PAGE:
The governors and premiers have also invited 24 organizations, including 
Great Lakes United, the Canadian Environmental Law Association, and the 
National Wildlife Federation, to advise the negotiators in their efforts. 
This advisory committee consists of representatives from six key sectors of 
basin civil society, including environmental groups (five representatives), 
industry (eight), recreation and tourism (one), municipal water suppliers 
(four), agriculture (three), and hydropower and other utilities (three). 
Nine of the 24 advisors will be from Canada. As with the involvement of 
tribal and First Nations governments in the actual negotiations, the 
governors and premiers have also not yet determined how First Nations 
nongovernmental organizations will be involved with the advisory committee. 
The first meeting of the advisory committee will be held March 15 in 
Washington, D.C.

Prospects for success

To all appearances the premiers and governors are following through with 
the commitment they made last June to negotiate a strong agreement. 
However, the state and provincial negotiators have not been given 
sufficient resources to carry out their work. Budget shortfalls in all the 
jurisdictions have resulted in travel restrictions so severe that only two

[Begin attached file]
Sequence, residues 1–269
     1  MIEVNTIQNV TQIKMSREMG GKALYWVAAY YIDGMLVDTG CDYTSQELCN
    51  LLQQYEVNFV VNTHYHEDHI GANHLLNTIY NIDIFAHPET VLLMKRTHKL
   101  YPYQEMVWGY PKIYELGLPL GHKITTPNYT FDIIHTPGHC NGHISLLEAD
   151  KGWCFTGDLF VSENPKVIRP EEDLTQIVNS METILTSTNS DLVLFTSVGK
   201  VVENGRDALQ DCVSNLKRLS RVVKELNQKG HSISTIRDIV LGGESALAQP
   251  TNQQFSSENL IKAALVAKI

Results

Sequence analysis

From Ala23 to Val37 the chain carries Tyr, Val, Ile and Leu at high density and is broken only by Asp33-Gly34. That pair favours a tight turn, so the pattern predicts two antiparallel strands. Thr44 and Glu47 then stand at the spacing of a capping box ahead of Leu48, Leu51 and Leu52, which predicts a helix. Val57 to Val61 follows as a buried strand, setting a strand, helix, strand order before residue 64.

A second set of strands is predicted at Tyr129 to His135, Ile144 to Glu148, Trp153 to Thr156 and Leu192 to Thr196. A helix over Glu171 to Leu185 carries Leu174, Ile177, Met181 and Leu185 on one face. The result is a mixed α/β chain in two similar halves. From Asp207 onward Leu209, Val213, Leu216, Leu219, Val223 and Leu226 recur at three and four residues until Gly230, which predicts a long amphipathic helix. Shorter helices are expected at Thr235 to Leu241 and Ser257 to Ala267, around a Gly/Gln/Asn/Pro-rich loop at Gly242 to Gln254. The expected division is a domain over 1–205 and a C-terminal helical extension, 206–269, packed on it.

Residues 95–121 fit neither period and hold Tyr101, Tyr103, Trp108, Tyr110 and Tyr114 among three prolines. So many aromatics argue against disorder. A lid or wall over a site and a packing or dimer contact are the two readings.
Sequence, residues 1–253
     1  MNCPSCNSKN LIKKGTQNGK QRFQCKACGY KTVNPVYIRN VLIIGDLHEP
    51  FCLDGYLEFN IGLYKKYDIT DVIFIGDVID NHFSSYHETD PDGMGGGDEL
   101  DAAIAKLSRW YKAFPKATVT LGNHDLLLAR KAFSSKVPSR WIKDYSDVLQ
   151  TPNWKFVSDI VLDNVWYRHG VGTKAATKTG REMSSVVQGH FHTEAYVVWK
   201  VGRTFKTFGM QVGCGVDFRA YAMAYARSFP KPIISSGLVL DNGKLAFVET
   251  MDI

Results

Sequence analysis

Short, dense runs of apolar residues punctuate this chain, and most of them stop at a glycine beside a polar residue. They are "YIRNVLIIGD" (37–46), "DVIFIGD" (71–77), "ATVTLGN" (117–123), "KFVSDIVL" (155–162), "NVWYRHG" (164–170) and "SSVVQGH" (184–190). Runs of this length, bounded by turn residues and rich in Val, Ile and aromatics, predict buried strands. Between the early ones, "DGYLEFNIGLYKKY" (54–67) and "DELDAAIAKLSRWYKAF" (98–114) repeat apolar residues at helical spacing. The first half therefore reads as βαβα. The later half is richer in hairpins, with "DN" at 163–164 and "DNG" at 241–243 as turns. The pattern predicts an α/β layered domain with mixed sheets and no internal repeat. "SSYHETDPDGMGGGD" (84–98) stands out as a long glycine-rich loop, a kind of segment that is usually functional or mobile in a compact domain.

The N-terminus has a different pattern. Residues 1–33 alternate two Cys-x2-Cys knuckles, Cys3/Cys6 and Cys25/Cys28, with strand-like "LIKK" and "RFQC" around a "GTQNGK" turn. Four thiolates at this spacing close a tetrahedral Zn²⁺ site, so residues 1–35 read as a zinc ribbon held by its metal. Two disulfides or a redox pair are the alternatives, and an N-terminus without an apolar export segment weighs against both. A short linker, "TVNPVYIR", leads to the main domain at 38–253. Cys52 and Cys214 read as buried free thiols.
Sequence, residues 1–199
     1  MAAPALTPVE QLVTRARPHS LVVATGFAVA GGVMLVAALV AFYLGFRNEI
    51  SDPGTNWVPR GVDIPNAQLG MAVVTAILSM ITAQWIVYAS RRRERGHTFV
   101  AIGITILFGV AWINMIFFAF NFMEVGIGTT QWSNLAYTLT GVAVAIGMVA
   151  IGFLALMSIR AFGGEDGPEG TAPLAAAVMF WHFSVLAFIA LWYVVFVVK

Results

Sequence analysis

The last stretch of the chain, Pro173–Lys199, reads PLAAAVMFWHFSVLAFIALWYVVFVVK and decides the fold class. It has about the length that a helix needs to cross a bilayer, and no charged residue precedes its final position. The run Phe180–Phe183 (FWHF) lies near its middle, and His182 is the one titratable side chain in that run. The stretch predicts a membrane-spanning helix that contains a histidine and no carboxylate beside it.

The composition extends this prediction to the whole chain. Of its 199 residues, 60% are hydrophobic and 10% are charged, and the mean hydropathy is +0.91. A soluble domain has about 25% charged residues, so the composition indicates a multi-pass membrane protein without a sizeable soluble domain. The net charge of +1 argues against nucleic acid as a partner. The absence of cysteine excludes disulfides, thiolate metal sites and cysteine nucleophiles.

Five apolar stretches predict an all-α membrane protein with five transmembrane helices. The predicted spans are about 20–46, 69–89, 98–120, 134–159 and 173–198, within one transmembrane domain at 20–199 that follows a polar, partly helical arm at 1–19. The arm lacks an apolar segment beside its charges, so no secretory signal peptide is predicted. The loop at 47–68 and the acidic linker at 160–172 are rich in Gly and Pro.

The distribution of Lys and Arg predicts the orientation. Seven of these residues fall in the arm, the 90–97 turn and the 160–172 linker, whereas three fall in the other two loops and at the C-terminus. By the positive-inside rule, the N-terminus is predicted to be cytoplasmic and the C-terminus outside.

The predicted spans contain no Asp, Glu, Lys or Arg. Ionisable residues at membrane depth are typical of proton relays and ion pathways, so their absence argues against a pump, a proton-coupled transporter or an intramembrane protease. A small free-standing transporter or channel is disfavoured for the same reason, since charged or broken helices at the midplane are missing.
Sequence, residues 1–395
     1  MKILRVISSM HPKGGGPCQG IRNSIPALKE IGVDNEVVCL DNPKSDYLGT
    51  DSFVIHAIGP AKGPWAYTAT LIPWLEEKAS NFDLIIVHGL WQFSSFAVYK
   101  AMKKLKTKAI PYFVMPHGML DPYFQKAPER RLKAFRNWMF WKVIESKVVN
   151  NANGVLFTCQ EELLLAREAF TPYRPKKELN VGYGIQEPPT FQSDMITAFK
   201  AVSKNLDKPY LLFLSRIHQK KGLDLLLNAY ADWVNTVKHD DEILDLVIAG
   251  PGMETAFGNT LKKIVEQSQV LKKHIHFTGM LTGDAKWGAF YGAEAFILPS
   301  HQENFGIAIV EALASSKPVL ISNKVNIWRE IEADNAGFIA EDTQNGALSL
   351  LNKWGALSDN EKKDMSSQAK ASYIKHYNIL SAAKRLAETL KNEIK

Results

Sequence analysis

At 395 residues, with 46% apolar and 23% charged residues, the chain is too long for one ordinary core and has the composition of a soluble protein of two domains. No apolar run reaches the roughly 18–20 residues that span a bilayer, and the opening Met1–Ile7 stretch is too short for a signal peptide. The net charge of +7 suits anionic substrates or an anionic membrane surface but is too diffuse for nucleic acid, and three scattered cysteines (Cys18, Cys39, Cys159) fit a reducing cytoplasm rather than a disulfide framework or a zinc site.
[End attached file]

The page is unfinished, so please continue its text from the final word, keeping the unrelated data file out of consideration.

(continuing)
face-to-face meetings among the negotiators are scheduled before the draft 
plan is made public in June. Most of the negotiations are planned to take 
place by conference call. The states have pledged limited financial 
resources for the overall effort, but most of the money is going to 
centralized administrative support and outside legal help. The states and 
provinces have not allocated extra resources to their negotiators, nor 
offered any resources to the advisory committee. This is surprising given 
the importance of the negotiations.

Like the negotiators, the advisory committee is also scheduled to meet only 
twice before delivery of the draft plan. The negotiating team has also 
outlined no structure for receiving input from the advisory committee. This 
could be problematic, given the likely diversity of views on the committee. 
Some members of the advisory committee may not even agree that the 
governors and premiers should be negotiating a water use reform effort in 
the first place.

For official information on the negotiating or advisory committee process, 
contact Pete Johnson at the Council of Great Lakes Governors, cglg@cglg.org 
or 312-407-0177. For unofficial analysis of the negotiation effort or 
advisory committee process, contact Reg Gilbert at Great Lakes United, 
reg@glu.org or 716-886-0142; Sarah Miller at the Canadian Environmental Law 
Association, millers@olap.org or 416-960-2284 x213; or Andy Buchsbaum at 
the National Wildlife Federation, buchsbaum@nwf.org or 734-769-3351.



______________________________

Reg Gilbert
Senior Coordinator

(716) 886-0142, fax: -0303

Great Lakes United
Buffalo State College, Cassety Hall
1300 Elmwood Ave.
Buffalo, NY, 14222

reg@glu.org
www.glu.org

______________________________